"The team would arrive in Beirut on Sunday and would hit the road to Damascus early Monday and start immediate talks with the Syrians," said one U.N. official. He spoke on the condition of anonymity because the precise plans had not been made public. "They will stay in the country for some two weeks," he added.

The U.N. inspection team has been ready to go into Syria since April to try and verify claims that a chemical agent -- reportedly Sarin gas -- was used in the Khan Assal attack, but reaching the agreement with the Syrian government over logistics on the ground has delayed their arrival since then.

Syria is one of seven countries that has not joined the 1997 convention banning chemical weapons. The U.S. and its allies believe Syria has stockpiles of undeclared mustard gas, Sarin and VX nerve agents, and President Obama declared before the alleged attack in Khan Assal that any use of the deadly weapons would represent a "red line" for his administration and could draw direct U.S. involvement in the conflict.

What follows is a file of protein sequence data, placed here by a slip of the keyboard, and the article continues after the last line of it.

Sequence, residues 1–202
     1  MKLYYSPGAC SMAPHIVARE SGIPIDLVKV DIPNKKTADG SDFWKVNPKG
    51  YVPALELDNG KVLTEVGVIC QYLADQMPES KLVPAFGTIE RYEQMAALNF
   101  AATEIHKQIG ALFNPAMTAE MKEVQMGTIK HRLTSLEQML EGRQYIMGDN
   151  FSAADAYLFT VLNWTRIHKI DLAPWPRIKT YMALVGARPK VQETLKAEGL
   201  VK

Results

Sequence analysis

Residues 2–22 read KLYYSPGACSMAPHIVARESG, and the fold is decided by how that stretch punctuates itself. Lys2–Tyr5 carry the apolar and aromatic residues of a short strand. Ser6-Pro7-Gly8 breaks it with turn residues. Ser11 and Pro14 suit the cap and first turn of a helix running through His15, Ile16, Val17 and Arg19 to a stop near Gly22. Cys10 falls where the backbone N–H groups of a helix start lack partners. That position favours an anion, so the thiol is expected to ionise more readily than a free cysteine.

The U.N. team is to carry out investigations in Khan Assal and two other locations, which were being kept secret for security reasons. Khan Assal recently fell back into rebel hands, and the U.S.-backed opposition coalition said last week it would welcome the inspectors to the village.

The team of inspectors, interpreters and medics faces a big challenge given the restrictions on travel within the country it agreed to in order to be granted access to Syria. Also hampering their progress will be the relatively small amounts of nerve agent likely used in the attacks, and the time that has passed since those attacks.